Ease the Season With These 15 Winter Packing Tips

If there’s one thing that can take the fun out of winter activities, it’s the effort in packing for them. From large-scale items like skis and snowboards to forgetting a simple pair of gloves, it’s easy to be unorganized and lose sight of the spirit of the season. Fortunately, we’ve compiled 15 tips to help ease your winter packing woes.

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Start With the Suitcase

"Use a hard-sided suitcase to save the day during winter, as they can resist water when snow melts," says Travelzoo Head of Publishing Tara Kraft. She adds that you’ll save space in your luggage by packing only high-quality items that can stand up to repeated use on your trip. Merino wool base layers are lightweight and a great starter for any winter pack.

Invest in Packing Cubes

Especially with the volume of winter gear, being able to compress as much as possible is a huge packing advantage. Eagle Creek’s Pack-It line offers a variety of sizes and styles that’ll help cut down the bulk of your bag.

Pack Like an Athlete

Professional snowboarder Robin Van Gyn travels to several competitions each season and has to be smart about what she brings. "Function first, everything else later," she says. She thinks about every possible scenario on a trip and packs accordingly. She uses the "rule of 3s": wearing the same three outfits in different combinations over an entire trip.

Check Airline Baggage Allowances

"Many count a ski and boot bag as one item," says Ski.com CMO Dan Sherman. He adds that packing snow pants, gloves, layers and your jacket in your ski bag offers extra protection for your skis while freeing up valuable space in your regular luggage.

Check With the Hotel Ahead of Time

Many winter resorts have ski rental and concierges onsite stocked and ready for a day on the slopes. In Vail, Colo., the Sonnenalp Ski Concierge has more than 500 demo skis available from all of the top makers for enthusiasts to test out. They also rent jackets and pants along with a host of other amenities, which makes traveling light a real possibility.

Keep Gifts Unwrapped

Since airport security is growing tighter by the day, don’t bother wrapping gifts until you arrive at your destination. What’s the point in spending all that time on the perfect bow if it just has to come undone at the checkpoint?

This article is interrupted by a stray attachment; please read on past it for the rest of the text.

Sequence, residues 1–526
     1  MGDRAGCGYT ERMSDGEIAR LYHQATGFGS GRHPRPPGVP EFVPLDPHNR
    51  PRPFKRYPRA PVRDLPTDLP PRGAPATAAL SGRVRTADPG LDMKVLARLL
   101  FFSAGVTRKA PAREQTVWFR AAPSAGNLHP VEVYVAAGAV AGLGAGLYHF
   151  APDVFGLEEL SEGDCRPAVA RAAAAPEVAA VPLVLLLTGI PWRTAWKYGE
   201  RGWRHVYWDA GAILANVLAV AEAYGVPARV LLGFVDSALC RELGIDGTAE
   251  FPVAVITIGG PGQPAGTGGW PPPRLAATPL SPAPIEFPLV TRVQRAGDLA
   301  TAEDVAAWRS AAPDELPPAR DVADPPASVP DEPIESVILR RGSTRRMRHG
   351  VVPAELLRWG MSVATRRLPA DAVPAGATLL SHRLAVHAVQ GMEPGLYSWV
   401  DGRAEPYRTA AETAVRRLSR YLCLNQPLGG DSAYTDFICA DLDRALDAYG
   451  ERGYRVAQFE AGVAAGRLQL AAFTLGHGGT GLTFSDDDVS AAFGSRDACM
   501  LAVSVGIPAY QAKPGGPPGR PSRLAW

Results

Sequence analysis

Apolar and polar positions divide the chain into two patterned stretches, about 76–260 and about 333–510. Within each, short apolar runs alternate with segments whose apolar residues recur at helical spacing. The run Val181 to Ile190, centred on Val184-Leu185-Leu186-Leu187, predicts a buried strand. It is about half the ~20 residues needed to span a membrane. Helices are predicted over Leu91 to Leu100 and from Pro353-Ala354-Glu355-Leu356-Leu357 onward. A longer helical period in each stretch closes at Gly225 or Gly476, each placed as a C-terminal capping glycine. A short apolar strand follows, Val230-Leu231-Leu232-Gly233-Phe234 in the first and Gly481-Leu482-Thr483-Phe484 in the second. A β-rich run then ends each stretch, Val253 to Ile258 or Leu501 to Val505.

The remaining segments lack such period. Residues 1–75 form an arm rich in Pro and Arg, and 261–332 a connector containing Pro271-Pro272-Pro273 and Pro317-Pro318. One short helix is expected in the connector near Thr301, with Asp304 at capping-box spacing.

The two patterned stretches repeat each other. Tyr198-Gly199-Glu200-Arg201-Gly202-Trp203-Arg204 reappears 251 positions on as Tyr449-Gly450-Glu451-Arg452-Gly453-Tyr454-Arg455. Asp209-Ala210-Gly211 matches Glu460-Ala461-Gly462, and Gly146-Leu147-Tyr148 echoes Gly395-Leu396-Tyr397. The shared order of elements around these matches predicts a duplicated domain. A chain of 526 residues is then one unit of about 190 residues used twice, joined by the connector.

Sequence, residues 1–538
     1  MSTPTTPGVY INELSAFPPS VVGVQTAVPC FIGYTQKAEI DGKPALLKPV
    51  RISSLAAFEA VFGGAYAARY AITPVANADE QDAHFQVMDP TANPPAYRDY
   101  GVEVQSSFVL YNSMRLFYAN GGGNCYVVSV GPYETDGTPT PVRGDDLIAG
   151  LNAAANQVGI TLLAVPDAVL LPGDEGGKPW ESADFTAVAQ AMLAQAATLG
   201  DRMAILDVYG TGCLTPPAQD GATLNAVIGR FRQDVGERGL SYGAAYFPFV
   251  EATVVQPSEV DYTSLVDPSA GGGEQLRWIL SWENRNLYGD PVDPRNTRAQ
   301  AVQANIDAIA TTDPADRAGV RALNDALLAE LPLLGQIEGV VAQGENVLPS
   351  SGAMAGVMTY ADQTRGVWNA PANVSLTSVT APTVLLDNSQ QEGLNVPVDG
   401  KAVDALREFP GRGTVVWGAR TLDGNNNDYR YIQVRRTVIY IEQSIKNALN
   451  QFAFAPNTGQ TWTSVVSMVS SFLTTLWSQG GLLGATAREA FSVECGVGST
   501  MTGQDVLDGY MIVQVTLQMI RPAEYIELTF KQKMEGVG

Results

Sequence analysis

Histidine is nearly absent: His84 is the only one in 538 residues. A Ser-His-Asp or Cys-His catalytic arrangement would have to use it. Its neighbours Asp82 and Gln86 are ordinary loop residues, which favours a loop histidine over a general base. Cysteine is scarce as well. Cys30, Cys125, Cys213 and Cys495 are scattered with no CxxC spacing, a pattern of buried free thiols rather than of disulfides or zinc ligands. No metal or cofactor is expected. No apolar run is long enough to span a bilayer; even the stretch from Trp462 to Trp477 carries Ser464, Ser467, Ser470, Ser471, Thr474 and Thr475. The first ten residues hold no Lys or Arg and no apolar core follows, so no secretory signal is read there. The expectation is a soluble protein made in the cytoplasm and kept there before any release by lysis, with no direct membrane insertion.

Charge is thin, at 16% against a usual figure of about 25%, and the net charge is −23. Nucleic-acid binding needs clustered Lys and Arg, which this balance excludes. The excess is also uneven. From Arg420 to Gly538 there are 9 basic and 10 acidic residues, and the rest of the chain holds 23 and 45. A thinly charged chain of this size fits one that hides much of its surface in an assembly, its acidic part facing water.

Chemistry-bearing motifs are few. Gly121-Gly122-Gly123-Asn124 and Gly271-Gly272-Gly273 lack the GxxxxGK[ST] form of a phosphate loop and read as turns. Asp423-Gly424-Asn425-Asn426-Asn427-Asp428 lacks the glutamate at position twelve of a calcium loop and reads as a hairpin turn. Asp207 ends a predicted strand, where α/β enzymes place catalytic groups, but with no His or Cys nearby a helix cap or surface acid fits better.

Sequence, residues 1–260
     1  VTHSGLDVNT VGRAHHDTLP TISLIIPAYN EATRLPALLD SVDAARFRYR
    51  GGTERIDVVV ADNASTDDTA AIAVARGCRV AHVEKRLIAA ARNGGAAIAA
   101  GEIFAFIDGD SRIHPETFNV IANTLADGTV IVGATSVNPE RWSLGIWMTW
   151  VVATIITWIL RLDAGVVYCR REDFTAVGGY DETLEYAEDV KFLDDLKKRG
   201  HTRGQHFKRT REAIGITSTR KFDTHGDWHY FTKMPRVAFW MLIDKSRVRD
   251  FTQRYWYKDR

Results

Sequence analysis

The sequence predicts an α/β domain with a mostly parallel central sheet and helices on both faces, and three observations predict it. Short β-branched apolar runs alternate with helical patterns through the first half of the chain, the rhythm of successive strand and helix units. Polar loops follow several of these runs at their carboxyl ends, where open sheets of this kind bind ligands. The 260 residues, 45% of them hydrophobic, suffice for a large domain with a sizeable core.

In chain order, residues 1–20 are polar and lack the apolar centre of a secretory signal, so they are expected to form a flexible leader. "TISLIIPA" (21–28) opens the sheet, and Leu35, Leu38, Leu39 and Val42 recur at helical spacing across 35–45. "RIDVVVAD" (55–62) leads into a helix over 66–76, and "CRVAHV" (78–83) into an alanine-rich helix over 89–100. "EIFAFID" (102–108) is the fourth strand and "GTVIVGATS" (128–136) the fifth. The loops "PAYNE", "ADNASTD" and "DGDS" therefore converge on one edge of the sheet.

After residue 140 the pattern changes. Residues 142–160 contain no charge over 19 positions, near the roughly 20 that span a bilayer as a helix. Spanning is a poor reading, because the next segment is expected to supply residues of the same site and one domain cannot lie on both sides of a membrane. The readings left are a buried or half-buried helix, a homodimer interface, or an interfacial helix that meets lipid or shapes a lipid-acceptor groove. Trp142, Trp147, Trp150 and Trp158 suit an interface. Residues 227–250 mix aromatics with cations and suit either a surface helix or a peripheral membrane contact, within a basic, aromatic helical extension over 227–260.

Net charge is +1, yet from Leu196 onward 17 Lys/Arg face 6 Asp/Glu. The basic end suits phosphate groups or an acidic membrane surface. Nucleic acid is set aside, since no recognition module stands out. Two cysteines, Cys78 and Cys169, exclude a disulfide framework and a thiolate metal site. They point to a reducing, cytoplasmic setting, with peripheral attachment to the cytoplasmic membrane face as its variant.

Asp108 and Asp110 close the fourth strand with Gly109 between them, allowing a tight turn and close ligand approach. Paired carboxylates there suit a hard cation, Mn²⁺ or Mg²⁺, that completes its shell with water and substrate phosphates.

Keep Things Accessible in the Car

"The best thing is to pack an emergency kit of car care essentials, an extra down jacket and some easy-to-eat food in a plastic tote," says The Manual’s Outdoors Editor Austin Parker, who lives in Salt Lake City. He and his wife also always carry a Jetboil so warm drinks are available at a moment’s notice. A little pre-planning will help make unexpected roadblocks that much easier to handle.

Think Ahead When Packing Wet Gear

Romio Home Expert Jamie Hord suggests traveling with plastic gallon bags to keep wet clothes separate from the dry. Also remember to keep a small hole in the opening at the top of the bag to let air escape and keep sour smells at bay. They’re also a great, waterproof way to carry toiletries to your destination.

When Packing the Car, Safety Matters

"Put heavier items on the bottom of the cargo area and toward the front, and avoid loading SUVs beyond the height of the rear seat backs," says Kelley Blue Book Senior Director, Executive Analyst Rebecca Lindland. It’s important to keep all lines of sight open and clear, especially in trickier driving conditions.

Find a Great Tire Shop

This one matters if you’ll be driving over the mountain passes (or anywhere with dicey weather conditions, really). Check which traction devices fit your car’s tires and buy a set (most stash easily in the trunk). Many reputable tire shops will refund you in the spring if your device is unopened and unused. The peace of mind is worth the investment alone.

Really Think About What’s Necessary

Oversized winter coats are great, but they also take up a ton of space. Consider packing thinner layers to meet your need for warmth, but not weight.

Travel Like an Olympian

2018 Olympic Skier and Dale of Norway ambassador Brad Spence has seen how ski bags are handled, so he packs accordingly. "I also ensure that my helmet and goggles are protected amongst the softer layers in my bag," he says. "I don't need my brain bucket getting damaged!"

Winterproof Boots Before You Go

There’s one quick way to ruin your day on the slopes or the trail: soggy boots. Even if your boots have built-in hydrophobic protection, it doesn’t hurt to add an extra layer, especially for long days outside.

Pack Moisturizers in Carry-Ons

Winter air is notoriously drier and that can wreak havoc on your skin, nose and eyes. Pack mini lotions, eye drops and saline spray into your carry-on to stay fresh during air travel.

Don’t Forget Sun Protection

The winter sun can be just as brutal on the skin as in summer. Pack a solid SPF in face cream and lip balm.

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